1. Not finding help here? Sign up for a free 30min tutor trial with Chegg Tutors
    Dismiss Notice
Dismiss Notice
Join Physics Forums Today!
The friendliest, high quality science and math community on the planet! Everyone who loves science is here!

Combinatorial Probability Question - Poker hand of exactly 3 suits

  1. Sep 16, 2012 #1
    1. The problem statement, all variables and given/known data

    A five card hand is dealt from a standard 52-card deck. What is the probability that there will be exactly three suits in the hand?

    2. Relevant equations



    3. The attempt at a solution
    I started with (4 C 3)(39 C 5), but this gives me all possible hands with three or less suits. How do I get rid of the the possibility of 2 or 1 suits? I tried (4 C 3)(39 C 5) - (4 C 2)(26 C5), but I am not certain that gets rid of all possible overlaps between the sets.
     
  2. jcsd
  3. Sep 17, 2012 #2
    so you do mean for instance club-club-heart-heart-spade?

    in this case I would presume these are the options:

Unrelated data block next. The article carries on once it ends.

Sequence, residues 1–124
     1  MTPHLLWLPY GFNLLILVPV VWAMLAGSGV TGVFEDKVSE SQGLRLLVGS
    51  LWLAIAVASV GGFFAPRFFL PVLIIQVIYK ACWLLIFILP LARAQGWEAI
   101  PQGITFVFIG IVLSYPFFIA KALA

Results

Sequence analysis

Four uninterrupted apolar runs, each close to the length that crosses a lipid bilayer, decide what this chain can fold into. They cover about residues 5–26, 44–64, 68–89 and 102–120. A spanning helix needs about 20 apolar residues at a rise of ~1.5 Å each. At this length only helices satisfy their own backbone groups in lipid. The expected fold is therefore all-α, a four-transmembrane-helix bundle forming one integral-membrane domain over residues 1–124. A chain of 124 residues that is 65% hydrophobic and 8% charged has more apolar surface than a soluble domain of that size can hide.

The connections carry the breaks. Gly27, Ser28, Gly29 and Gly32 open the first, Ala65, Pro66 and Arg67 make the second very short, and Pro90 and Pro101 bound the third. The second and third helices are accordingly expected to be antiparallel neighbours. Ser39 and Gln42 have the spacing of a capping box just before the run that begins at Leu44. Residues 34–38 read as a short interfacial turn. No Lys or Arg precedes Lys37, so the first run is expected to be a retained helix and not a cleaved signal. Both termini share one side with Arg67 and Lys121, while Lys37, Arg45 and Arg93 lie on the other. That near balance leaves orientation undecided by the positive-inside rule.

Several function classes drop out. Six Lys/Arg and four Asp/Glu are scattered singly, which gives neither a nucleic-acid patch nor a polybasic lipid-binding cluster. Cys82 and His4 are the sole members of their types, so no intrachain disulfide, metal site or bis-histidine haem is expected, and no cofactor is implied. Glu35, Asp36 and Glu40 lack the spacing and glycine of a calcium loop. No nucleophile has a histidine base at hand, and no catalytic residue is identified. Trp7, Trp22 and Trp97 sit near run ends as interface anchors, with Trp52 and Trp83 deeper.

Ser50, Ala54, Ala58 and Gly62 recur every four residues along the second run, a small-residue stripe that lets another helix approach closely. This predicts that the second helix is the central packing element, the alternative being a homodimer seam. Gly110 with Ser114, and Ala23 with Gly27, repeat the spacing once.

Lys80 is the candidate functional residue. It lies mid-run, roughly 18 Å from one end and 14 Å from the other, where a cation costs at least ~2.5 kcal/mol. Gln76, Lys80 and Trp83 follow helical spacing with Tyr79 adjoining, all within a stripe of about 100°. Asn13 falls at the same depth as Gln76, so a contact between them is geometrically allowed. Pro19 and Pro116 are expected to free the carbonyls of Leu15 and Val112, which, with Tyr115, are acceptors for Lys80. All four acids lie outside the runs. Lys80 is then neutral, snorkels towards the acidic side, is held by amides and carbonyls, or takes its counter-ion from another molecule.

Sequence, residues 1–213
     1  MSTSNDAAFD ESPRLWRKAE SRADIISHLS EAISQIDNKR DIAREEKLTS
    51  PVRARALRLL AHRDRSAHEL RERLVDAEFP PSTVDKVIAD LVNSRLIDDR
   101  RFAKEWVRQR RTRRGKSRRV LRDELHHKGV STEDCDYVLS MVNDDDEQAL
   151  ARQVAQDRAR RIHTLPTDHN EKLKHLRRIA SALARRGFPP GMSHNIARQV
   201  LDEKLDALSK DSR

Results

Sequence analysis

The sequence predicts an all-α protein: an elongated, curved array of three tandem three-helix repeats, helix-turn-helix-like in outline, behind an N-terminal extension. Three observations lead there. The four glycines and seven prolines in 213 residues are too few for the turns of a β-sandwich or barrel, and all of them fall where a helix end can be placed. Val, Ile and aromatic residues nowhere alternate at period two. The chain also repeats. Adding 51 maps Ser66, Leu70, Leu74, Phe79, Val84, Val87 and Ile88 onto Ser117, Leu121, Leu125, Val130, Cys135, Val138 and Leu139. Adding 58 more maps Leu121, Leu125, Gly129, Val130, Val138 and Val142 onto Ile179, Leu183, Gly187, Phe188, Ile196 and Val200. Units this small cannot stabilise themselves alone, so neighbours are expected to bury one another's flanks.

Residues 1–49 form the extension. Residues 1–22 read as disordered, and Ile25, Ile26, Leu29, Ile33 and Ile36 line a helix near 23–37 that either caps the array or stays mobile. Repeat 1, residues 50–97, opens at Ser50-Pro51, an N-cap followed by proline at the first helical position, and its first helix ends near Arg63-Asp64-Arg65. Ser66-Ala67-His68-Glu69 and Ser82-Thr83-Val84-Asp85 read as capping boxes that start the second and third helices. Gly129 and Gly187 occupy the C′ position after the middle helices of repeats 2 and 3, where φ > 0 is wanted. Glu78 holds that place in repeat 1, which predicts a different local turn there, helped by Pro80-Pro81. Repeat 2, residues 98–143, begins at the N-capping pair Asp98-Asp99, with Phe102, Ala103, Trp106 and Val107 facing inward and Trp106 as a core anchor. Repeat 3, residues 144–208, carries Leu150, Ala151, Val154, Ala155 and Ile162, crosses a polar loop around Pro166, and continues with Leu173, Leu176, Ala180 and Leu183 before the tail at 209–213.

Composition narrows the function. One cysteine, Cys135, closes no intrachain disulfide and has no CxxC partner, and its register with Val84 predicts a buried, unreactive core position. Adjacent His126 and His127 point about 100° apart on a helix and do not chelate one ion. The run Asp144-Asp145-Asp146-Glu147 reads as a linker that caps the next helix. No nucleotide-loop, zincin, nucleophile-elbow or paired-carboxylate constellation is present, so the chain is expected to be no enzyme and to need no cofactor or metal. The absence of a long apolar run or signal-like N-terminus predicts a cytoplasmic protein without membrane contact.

1. first choose 3 out of 4 suits. 3 out of 4 gives 4 possibilities.
    2. for instance, say we have chosen club,heart and spade.
    then there are 6 possibilities: cl-cl-cl-heart spade
    cl-cl-heart-heart-spade
    cl-heart-heart-heart-spade
    cl-cl-heart-spade-spade
    cl-heart-heart-spade-spade
    cl-heart-spade-spade-spade

    we have thus 4*6 possibilites= 24.
    now divide this by the total amount of possibilites. I believe this is 4^5.
     
  4. Sep 17, 2012 #3

    Ray Vickson

    User Avatar
    Science Advisor
    Homework Helper

    I think it is easier to look at what is not in the hand. Say we have no hearts. There must be at least one each of spades, diamonds and clubs; you can represent this as (i) first choose exactly one each of spades, diamonds and clubs; (ii) then, from the remaining deck of 49 cards (13 hearts and 36 others) we must choose two more cards but no hearts. The probability you want is 4 times what you get here, because the 'absent' suit can be selected in 4 ways, and the 4 resulting events are mutually exclusive with the same probability.

    RGV
     
    Last edited: Sep 17, 2012
  5. Sep 17, 2012 #4
    better listen to ray, my analysis is a bit wrong
     
Know someone interested in this topic? Share this thread via Reddit, Google+, Twitter, or Facebook




Similar Discussions: Combinatorial Probability Question - Poker hand of exactly 3 suits
Loading...